Dunmore's Proclamation

  • dunmore's proclamation
    dunmoresproclamation.jpg
    a copy of the original printing
    creatednovember 7, 1775
    ratifiednovember 14, 1775
    author(s)john murray, 4th earl of dunmore
    purposeto declare martial law, and to encourage slaves of rebels in virginia to leave their masters and support the loyalist cause

    dunmore's proclamation, is a historical document signed on november 7, 1775, by john murray, 4th earl of dunmore, royal governor of the british colony of virginia. the proclamation declared martial law[1] and promised freedom for slaves of american revolutionaries who left their owners and joined the royal forces.

    formally proclaimed on november 15, its publication prompted a flood of slaves (from both patriot and loyalist owners) to run away and enlist with dunmore; during the course of the war, between 80,000 and 100,000 slaves escaped from the plantations.[2] it also raised a furor among virginia's slave-owning elites (again of both political persuasions), to whom the possibility of a slave rebellion was a major fear. the proclamation ultimately failed in meeting dunmore's objectives; he was forced out of the colony in 1776, taking about 300 former slaves with him.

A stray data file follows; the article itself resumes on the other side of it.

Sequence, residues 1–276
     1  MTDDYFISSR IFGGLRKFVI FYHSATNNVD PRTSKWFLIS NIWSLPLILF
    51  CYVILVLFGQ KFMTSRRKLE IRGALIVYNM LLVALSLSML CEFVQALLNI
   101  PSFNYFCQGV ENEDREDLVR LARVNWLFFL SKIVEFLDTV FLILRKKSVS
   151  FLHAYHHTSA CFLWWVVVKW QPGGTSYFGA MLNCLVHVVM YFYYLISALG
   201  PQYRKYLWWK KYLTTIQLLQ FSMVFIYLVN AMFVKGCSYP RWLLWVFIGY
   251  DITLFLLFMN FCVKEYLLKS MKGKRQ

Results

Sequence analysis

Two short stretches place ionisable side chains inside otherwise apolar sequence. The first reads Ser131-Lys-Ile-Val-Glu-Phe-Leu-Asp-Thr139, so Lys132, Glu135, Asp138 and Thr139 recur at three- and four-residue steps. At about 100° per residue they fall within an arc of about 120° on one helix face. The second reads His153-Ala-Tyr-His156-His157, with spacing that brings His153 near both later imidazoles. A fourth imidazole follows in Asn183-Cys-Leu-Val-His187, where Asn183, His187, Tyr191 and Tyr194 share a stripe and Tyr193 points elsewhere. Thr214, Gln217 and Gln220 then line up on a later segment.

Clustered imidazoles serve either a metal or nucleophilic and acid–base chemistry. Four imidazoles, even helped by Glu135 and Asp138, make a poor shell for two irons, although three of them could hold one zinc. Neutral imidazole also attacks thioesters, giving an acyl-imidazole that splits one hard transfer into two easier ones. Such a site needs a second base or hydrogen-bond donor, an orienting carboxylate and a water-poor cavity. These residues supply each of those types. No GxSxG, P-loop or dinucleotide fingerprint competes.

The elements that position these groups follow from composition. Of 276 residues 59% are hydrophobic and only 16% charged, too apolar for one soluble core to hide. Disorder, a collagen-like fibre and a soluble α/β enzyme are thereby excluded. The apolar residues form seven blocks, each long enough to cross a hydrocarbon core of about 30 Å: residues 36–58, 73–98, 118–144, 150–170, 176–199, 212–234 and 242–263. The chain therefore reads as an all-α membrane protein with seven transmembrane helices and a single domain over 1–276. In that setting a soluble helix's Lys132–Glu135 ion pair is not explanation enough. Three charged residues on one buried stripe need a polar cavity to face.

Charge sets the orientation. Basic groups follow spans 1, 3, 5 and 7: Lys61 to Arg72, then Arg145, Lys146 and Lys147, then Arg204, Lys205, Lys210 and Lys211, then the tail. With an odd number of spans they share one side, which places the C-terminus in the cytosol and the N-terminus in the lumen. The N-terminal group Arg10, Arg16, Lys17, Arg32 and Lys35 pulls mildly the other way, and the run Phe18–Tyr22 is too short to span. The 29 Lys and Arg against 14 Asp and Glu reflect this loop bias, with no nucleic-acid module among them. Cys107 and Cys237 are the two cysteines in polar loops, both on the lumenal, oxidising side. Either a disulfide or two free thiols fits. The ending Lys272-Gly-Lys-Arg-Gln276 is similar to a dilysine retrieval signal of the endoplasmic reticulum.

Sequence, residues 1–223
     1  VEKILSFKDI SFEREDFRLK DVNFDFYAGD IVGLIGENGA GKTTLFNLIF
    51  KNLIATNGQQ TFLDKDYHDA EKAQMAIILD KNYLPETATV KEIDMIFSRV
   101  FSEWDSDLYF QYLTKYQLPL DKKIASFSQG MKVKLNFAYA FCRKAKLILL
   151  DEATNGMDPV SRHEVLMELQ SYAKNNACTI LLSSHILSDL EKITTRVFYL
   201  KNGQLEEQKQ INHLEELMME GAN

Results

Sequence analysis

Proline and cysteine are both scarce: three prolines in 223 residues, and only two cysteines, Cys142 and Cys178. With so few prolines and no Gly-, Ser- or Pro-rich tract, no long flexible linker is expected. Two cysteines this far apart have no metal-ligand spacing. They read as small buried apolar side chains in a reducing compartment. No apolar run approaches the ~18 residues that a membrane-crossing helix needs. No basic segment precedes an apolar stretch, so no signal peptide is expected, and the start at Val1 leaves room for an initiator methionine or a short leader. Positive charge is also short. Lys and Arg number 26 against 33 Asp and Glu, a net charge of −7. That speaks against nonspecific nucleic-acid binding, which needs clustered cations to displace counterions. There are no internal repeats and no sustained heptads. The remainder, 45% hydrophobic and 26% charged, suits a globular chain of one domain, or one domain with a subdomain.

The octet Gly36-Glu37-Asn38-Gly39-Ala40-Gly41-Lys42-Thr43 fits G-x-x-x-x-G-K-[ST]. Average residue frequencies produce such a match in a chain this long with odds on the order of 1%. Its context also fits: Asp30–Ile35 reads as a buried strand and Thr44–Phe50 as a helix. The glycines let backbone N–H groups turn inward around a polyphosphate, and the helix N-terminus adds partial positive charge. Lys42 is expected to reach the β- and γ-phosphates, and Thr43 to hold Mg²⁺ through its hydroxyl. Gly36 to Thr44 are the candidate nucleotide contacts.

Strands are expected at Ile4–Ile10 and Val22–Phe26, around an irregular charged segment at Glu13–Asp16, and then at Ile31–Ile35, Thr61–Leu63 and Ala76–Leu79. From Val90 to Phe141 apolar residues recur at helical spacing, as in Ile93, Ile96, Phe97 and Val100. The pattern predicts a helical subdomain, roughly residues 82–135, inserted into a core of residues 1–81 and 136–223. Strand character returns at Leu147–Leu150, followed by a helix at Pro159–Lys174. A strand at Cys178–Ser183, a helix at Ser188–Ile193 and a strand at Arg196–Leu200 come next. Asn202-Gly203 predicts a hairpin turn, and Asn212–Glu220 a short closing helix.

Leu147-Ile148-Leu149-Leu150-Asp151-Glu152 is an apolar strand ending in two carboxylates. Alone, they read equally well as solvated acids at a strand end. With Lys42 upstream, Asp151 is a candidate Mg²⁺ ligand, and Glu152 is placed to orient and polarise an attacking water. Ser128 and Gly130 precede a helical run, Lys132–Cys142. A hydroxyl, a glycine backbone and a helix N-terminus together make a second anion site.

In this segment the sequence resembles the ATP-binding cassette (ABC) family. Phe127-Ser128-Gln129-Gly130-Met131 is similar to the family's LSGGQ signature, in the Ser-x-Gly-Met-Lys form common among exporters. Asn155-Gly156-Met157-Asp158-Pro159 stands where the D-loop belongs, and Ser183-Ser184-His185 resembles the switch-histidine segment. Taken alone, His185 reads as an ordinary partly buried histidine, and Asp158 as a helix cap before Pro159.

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Dunmore's Proclamation
DunmoresProclamation.jpg
A copy of the original printing
CreatedNovember 7, 1775
RatifiedNovember 14, 1775
Author(s)John Murray, 4th Earl of Dunmore
PurposeTo declare martial law, and to encourage slaves of rebels in Virginia to leave their masters and support the Loyalist cause

Dunmore's Proclamation, is a historical document signed on November 7, 1775, by John Murray, 4th Earl of Dunmore, royal governor of the British Colony of Virginia. The proclamation declared martial law[1] and promised freedom for slaves of American revolutionaries who left their owners and joined the royal forces.

Formally proclaimed on November 15, its publication prompted a flood of slaves (from both patriot and loyalist owners) to run away and enlist with Dunmore; during the course of the war, between 80,000 and 100,000 slaves escaped from the plantations.[2] It also raised a furor among Virginia's slave-owning elites (again of both political persuasions), to whom the possibility of a slave rebellion was a major fear. The proclamation ultimately failed in meeting Dunmore's objectives; he was forced out of the colony in 1776, taking about 300 former slaves with him.

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